On top of ditching these bloated partnerships, Motorola needs to give its phones the update support they deserve. The Moto G series is in line for all of one Android version and two years of security patches, and there’s no telling when these updates will come. Even the premium Razr and Razr Plus are only tapped to receive three years of Android updates and a fourth year of security support. That might have flown a few years ago, but it’s far too short now that both Google and Samsung offer seven years of updates. Even if Motorola does upgrade its support, don’t hold your breath for timeliness — the Razr Plus (2023) still hasn’t received Android 14 after nearly a year!

More vegan leather, more fun

Credit: Dhruv Bhutani / Android Authority

Well, now that those less-than-fun suggestions are out of the way, let’s remind Motorola of all the fun it used to have. Remember Moto Mods? They didn’t last all that long, but man, there was a time when you could attach a JBL speaker or a Hasselblad camera to the back of your Moto Z smartphone. You could even add 5G back when it was only available on a street-by-street basis in a few select cities.

On top of Moto Mods, we used to have Moto Maker — a website where you could design and order your own Moto X. I was too young to fully enjoy Moto Maker during its heyday (read: my parents wouldn’t let me buy any of the dozens of Moto X designs I made), but it didn’t stop me from spending hours clicking through different color combinations. Moto Maker was the epitome of the Android motto, “Be together, not the same,” and it’s a little bit of that personality I’d like to see come back.

Moto Maker might not be practical in 2024, but the idea should live on.

I know it’s not practical to bring Moto Maker back in 2024, but it’s the idea that counts. Motorola opened the door to dozens of colors, materials, and textures, only for most brands to ditch them in favor of frosted or glossy glass or plastic. Actually, Motorola is still one of the more exciting brands when it comes to colors and materials, but I’d like to see it lean in even further. The Razr Plus comes in four bright shades, including the Pantone color of the year, and has a couple of different textures with both vegan leather and vegan suede on the back.

Shifting down a level or two, the Moto G series has finally started to have fun with its designs. Moto G 5G and Moto G Power 5G come with vegan leather in 2024, and they look almost good enough to be members of the Edge family. However, there’s one piece of Batwing-branded fun I’m begging to come to the United States — the Nordic Wood version of the Edge 50 Ultra. I’m sure it would be rebranded as the Edge Plus (2024) but think of the heads that a wooden smartphone would turn.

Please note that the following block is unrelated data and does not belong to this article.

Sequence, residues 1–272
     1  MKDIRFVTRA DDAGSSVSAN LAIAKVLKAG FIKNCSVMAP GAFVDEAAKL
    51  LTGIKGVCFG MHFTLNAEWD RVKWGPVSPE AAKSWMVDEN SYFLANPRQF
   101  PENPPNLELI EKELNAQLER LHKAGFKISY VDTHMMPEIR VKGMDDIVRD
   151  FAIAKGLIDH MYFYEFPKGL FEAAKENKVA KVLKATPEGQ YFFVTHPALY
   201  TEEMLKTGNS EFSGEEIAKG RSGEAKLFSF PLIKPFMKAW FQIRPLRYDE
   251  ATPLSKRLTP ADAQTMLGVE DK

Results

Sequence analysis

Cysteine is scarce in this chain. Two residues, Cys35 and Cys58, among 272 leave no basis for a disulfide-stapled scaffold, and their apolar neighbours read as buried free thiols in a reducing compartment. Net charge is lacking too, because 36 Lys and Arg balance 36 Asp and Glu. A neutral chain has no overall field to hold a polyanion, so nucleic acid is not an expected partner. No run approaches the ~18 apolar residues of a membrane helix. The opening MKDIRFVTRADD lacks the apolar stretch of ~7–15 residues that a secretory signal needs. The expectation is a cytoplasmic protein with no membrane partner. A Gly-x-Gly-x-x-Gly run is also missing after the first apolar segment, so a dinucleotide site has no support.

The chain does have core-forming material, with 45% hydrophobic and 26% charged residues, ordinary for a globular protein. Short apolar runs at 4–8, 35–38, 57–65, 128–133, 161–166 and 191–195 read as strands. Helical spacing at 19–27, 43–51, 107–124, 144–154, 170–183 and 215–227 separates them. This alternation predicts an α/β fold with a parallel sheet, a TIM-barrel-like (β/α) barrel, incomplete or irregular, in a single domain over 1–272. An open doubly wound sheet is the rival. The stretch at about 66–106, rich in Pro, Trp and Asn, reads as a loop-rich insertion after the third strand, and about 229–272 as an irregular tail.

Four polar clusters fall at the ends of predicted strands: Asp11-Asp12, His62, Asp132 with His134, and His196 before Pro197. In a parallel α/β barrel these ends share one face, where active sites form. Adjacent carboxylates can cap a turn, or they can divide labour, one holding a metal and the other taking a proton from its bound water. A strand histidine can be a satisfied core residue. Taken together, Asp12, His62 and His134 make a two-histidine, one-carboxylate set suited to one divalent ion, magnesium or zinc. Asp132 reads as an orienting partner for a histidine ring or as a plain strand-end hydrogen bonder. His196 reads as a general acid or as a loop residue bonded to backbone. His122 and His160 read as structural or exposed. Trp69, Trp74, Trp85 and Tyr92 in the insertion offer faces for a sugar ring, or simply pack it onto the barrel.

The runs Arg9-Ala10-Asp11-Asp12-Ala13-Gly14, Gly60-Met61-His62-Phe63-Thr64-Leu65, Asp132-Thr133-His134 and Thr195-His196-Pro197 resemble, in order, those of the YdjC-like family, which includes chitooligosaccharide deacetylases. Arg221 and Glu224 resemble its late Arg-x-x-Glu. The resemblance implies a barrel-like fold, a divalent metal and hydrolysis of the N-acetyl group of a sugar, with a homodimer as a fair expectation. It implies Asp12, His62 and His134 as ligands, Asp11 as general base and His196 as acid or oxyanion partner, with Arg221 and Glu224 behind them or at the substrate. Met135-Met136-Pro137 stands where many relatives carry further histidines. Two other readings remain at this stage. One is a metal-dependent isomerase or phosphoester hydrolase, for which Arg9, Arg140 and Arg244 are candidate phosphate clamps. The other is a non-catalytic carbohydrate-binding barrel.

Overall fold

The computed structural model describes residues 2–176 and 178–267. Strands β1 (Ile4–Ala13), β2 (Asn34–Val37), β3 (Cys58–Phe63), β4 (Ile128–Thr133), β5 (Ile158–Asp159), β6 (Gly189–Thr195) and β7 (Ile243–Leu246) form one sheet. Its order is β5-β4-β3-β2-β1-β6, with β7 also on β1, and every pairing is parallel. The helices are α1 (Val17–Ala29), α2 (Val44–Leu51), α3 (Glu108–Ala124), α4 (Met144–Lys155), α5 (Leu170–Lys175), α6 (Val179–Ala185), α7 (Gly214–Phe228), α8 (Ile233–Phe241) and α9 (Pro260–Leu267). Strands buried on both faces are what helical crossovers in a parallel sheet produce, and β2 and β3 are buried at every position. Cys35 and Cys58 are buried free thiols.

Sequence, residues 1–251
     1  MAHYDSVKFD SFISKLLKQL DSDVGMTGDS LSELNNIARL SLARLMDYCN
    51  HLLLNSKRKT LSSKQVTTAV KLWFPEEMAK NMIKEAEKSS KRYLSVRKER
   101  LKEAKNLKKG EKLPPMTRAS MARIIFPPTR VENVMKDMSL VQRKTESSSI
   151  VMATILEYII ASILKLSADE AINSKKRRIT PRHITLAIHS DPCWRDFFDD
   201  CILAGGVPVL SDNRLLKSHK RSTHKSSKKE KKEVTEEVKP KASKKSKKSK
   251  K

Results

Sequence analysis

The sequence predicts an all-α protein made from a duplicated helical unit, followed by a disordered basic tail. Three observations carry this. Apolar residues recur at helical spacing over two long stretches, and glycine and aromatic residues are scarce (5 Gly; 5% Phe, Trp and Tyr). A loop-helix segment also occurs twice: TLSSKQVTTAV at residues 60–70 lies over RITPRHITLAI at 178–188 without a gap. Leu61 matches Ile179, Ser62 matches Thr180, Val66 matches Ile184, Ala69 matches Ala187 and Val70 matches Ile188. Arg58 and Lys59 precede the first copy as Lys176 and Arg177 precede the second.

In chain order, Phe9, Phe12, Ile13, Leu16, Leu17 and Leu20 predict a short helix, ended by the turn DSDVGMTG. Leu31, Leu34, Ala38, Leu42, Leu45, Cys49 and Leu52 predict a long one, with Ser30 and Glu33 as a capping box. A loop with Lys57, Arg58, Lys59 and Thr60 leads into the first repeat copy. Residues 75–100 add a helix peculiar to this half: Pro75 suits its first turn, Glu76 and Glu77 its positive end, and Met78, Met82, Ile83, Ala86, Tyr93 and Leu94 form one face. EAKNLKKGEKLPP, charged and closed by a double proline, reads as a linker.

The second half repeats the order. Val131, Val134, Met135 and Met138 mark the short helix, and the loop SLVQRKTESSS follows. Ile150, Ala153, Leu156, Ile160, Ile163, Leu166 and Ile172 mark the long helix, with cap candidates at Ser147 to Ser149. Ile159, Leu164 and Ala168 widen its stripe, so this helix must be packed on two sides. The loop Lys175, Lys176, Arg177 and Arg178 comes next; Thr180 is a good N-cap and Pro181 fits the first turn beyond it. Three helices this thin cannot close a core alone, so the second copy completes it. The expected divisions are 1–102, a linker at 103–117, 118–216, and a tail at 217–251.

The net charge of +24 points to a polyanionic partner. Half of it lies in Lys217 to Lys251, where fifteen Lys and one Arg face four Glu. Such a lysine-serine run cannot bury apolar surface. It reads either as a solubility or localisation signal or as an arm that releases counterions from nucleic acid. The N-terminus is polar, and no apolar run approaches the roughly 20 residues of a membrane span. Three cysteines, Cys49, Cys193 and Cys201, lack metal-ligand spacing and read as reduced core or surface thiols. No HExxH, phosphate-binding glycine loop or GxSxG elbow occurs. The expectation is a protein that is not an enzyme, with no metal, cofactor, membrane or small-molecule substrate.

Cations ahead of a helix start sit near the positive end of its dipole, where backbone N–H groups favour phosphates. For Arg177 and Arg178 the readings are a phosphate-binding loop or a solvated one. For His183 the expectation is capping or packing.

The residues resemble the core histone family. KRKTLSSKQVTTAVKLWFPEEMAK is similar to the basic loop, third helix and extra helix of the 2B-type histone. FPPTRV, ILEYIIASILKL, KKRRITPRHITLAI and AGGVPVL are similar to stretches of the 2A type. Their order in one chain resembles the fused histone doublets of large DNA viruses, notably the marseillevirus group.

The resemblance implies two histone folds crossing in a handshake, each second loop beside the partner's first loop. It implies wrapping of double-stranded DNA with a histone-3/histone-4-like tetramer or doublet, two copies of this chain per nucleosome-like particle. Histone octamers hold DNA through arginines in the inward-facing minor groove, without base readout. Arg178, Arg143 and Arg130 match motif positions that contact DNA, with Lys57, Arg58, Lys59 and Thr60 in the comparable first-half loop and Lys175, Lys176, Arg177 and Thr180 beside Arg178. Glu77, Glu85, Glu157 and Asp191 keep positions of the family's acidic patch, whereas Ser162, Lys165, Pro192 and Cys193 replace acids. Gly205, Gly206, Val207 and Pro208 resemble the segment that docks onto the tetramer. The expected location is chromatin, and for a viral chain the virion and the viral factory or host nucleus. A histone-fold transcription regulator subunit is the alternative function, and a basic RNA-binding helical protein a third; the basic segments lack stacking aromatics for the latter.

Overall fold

Make the Razr Plus a blueprint, not a standout

Credit: Ryan Haines / Android Authority

So, I’ve put the main pieces of Motorola’s 2024 offerings on blast, but one phone comes close to fixing them all at once — the Razr Plus (2024). No, it’s still not perfect, and this is by no means a review, but if Motorola wants to get back to why people loved it in the first place, its most premium Razr needs to be the rule rather than the exception.

For starters, the Razr Plus went for a camera setup all its own, adopting the 50MP wide and telephoto sensors that I mentioned before. It has an internal 32MP selfie camera, too, but that doesn’t matter much because almost everyone will use the larger, sharper external sensors instead. The Razr Plus comes with the smoothest version of Motorola’s Hello UX, a version that already carries a few of the earliest Moto AI features and — more importantly — comes without 1Weather or Glance anywhere to be found. Even the Razr Plus’ cover screen experience is easily the best on a flip phone, allowing you to open any app at any time and coming with a suite of time-wasting but addictive games.

We don’t need more Razrs, but we need more phones to follow the Razr blueprint.

And, of course, the Razr Plus leads the way in terms of design, both for Motorola and for flip phones as a whole. It continues to stretch its cover screen larger and larger while pairing it with some of the brightest aluminum frames and most interesting textures of vegan leather that Motorola can find. I still think that the Nordic Wood of the Edge 50 Ultra is the most unique design choice of the year (or the last several years), but there’s no reason it couldn’t come to the Razr Plus in a few months.

At the end of the day, the important lesson is that Motorola still has greatness in it. There’s still a little bit of the creative spark that brought us Moto Mods and Moto Maker; the company just has to be willing to spread it beyond the confines of its most premium foldable phone. The sooner it does, the better its chances of climbing back to the top.